... so long as a reliable source relates them to the subject of the article. Otherwise it's pure synthesis. — Malik Shabazz (talk · contribs) 22:16, 3 October 2008 (UTC)
Many sources note that above average participation of Jews in Polish communist apparatus led to the persistence of the żydokomuna myth. Various sources give varying level of details on the most famous of them. To censor out links to the most prominent Polish-Jewish communists seems... strange, at least.--Piotr Konieczny aka Prokonsul Piotrus| talk 23:47, 3 October 2008 (UTC)
... if the point is that "above average participation of Jews in Polish communist apparatus led to the persistence of the żydokomuna myth", and if there are many sources that can be cited to support it, then they should be cited as saying that. listing a handful of prominent names doesn't support the thesis of "above average participation". if someone wants to assert that the handful of individuals listed led to the persistence of the myth, that's an entirely different point, and it needs to be supported by sources that *explicitly* make that point. otherwise it is indeed WP:SYNTH, as i understand it. Sssoul (talk) 16:20, 4 October 2008 (UTC)
Piotrus will be hard pressed to find "many sources" which "note that above average participation of Jews in Polish communist apparatus led to the persistence of the żydokomuna myth." Because he has stood history and those sources on their head. What accounts for the persistence of the zydokomuna myth, obviously, is the persistence of Polish anti-semitism. Indeed, the myth continues to this day, even in a Poland practically devoid of Jews--hence the phenomena of anti-semitism without Jews. Boodlesthecat Meow? 16:48, 4 October 2008 (UTC)
Somehow there is not a myth of Ukrainian-komuna, or German-komuna. Anyway, thank you Sssoul for your opinion, it is far more convincing than whatever Boodlesthecat writes. BTW Boodlesthecat, have you ever been to Poland, since you know so much about attitudes of Poles towards Jews? It is very interesting that so many Jews across centuries decided to settle in antisemitic Poland, not in friendly Sweden or pleasant Italy. Seriously, they must have been blind. Tymek (talk) 18:45, 4 October 2008 (UTC)
What does this prove? There is no myth of "Ukrainian blood libel", nor "German blood libel" also, but that does not prove that "Jewish blood libel" is true. And BTW Poles were also over-represented in Bolshevik Party, Feliks Edmundowicz Dzierżyński including, what does it prove? Nothing. M0RD00R (talk) 19:01, 7 October 2008 (UTC)
Actually 95% of the Jews who survived the Holocaust in Poland left after the war because of Polish anti-semmitism. This isn't the 14th century. Boodlesthecat Meow? 19:45, 4 October 2008 (UTC)
Got a ref for that? I am sure it wouldn't be an ORish statement, right? --Piotr Konieczny aka Prokonsul Piotrus| talk 20:03, 4 October 2008 (UTC)
There's a dozen refs for it. When I put it in an article, I will cite it. Boodlesthecat Meow? 20:12, 4 October 2008 (UTC)
So creation of the State of Israel, a milestone in Jewish history, was overlooked by them? It reminds me of Mr Krabs from SpongeBob, who has one answer to all questions (money!). Tymek (talk) 00:57, 6 October 2008 (UTC)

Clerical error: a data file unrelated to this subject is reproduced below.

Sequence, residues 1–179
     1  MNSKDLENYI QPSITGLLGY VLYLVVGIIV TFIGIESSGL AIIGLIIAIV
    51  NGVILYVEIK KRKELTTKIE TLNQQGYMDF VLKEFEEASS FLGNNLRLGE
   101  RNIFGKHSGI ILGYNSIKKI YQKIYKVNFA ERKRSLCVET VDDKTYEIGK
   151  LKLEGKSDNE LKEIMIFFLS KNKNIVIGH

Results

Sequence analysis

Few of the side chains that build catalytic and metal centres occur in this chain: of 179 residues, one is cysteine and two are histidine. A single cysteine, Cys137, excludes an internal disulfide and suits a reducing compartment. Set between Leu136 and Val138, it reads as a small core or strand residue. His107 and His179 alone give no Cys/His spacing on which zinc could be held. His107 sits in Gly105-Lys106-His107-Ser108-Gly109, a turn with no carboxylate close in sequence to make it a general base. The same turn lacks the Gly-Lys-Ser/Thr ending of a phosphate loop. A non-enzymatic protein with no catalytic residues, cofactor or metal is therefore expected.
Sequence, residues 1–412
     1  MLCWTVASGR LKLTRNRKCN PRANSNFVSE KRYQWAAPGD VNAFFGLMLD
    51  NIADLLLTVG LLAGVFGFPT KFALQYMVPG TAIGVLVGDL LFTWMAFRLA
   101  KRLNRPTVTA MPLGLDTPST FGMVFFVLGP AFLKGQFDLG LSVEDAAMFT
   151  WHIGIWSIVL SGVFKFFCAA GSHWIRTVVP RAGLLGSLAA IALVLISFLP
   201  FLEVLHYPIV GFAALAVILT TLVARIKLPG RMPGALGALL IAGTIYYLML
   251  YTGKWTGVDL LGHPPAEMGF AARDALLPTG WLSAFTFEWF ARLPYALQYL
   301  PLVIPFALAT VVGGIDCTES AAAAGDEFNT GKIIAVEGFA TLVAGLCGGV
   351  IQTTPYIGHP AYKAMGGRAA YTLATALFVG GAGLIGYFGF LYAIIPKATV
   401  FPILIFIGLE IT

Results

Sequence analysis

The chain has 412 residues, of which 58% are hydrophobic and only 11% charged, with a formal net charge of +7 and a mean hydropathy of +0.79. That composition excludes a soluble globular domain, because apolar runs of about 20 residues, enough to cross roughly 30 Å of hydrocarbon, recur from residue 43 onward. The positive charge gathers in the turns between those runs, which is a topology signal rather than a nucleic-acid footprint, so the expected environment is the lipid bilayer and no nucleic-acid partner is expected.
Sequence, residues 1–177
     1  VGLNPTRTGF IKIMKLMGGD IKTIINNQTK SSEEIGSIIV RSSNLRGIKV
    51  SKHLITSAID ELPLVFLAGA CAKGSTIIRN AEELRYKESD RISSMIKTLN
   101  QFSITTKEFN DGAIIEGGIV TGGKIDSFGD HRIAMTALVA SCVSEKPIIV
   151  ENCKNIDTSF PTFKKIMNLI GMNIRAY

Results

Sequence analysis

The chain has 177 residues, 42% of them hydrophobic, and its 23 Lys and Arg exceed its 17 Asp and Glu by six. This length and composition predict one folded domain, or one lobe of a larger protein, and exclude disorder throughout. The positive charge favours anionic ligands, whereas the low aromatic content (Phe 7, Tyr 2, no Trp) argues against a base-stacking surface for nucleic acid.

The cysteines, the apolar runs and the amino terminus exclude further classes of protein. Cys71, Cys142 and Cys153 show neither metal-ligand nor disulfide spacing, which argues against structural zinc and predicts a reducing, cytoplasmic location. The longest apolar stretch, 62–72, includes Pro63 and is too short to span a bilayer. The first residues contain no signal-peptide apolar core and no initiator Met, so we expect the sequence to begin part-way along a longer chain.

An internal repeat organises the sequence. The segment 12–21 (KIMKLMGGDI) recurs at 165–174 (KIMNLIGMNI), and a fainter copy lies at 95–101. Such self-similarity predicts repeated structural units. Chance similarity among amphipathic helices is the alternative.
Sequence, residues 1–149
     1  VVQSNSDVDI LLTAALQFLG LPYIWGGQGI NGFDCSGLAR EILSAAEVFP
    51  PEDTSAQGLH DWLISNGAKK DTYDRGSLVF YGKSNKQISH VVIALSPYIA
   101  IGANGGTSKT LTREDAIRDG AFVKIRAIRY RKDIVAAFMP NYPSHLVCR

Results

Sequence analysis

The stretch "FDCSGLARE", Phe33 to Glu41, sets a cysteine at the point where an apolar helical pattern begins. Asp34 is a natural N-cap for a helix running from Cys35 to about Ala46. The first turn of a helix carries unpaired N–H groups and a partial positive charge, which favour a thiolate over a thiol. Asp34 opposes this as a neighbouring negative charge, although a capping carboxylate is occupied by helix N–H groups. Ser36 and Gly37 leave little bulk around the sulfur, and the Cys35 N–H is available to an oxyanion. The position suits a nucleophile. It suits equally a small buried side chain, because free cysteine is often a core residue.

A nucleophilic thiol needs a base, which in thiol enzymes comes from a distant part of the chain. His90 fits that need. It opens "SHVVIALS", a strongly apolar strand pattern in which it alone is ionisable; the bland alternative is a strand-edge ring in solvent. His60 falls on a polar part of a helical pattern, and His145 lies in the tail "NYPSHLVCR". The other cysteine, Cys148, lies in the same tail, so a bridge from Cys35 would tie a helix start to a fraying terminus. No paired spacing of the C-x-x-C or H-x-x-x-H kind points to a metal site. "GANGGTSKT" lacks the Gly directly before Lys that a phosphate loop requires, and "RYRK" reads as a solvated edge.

Not sure what your point is, but Israel was created as a haven from antisemitism, with a large proportion of its immigrants being those escaping from Polish antisemitism. Or do you suppose they moved there for the fresh air? Boodlesthecat Meow? 16:15, 6 October 2008 (UTC)
Oh, I do not know the data on quality of air in Israel vs air in Poland. And I am sure you perfectly know my point. Jews from across the world finally got a chance to live in their own country and it is obvious that they left Poland and other countries. Antisemitism is not the only answer to all questions. Tymek (talk) 17:23, 6 October 2008 (UTC)
Really? What I see is removal of citation requests and such.--Piotr Konieczny aka Prokonsul Piotrus| talk 20:14, 4 October 2008 (UTC)
Everything that I have added is in the cites given. If you are having trouble reading it (some of the ones you tagged pop up right in your face when you clink the link) put your query on the talk page, rather than deface the article with multiple tags.Boodlesthecat Meow? 20:16, 4 October 2008 (UTC)
Per WP:V and WP:CITE, unreferenced sentences can be removed. Reference them, format the refs properly (cite the page), or don't complain if your content is removed with accordance to our policies. By tagging your unreferenced content, I am giving you more consideration than you gave to Tymek few days ago when you immediately removed his unreferenced content.--Piotr Konieczny aka Prokonsul Piotrus| talk 20:33, 4 October 2008 (UTC)
His content was unreferenced, and as clearly discussed above, the issue was that it was OR,.. Mine is fully referenced. If you have a question about a particular fact cited, bring it to talk. I seriously advise you to stop your bullying threats to vandalize articles that contain referenced material you dont like. Boodlesthecat Meow? 20:42, 4 October 2008 (UTC)
No, your content is not fully referenced, I tagged sentences missing inline citations and you removed my citation requests, a clear violation of WP:V. Your accusations of bully'ing are completely out of line.--Piotr Konieczny aka Prokonsul Piotrus| talk 00:04, 5 October 2008 (UTC)
Per WP:V, "The source should be cited clearly and precisely to enable readers to find the text that supports the article content in question." If there is a URL that links directly to the page in question, the reader can find the text that supports the content. While a page number would be ideal, adding a dozen "page number" tags to the article when the sources in question include URLs looks like vandalism. See WP:POINT. — Malik Shabazz (talk · contribs) 20:52, 4 October 2008 (UTC)